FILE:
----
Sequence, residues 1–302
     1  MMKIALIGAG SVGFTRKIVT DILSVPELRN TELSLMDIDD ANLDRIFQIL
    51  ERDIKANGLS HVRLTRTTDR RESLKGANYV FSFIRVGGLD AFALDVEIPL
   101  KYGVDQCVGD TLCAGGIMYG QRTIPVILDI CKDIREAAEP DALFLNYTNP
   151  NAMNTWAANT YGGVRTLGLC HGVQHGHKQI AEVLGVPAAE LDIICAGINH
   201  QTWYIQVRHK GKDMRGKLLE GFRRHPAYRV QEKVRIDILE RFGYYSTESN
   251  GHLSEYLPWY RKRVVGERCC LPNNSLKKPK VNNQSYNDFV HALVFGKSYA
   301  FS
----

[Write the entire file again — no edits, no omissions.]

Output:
Sequence, residues 1–302
     1  MMKIALIGAG SVGFTRKIVT DILSVPELRN TELSLMDIDD ANLDRIFQIL
    51  ERDIKANGLS HVRLTRTTDR RESLKGANYV FSFIRVGGLD AFALDVEIPL
   101  KYGVDQCVGD TLCAGGIMYG QRTIPVILDI CKDIREAAEP DALFLNYTNP
   151  NAMNTWAANT YGGVRTLGLC HGVQHGHKQI AEVLGVPAAE LDIICAGINH
   201  QTWYIQVRHK GKDMRGKLLE GFRRHPAYRV QEKVRIDILE RFGYYSTESN
   251  GHLSEYLPWY RKRVVGERCC LPNNSLKKPK VNNQSYNDFV HALVFGKSYA
   301  FS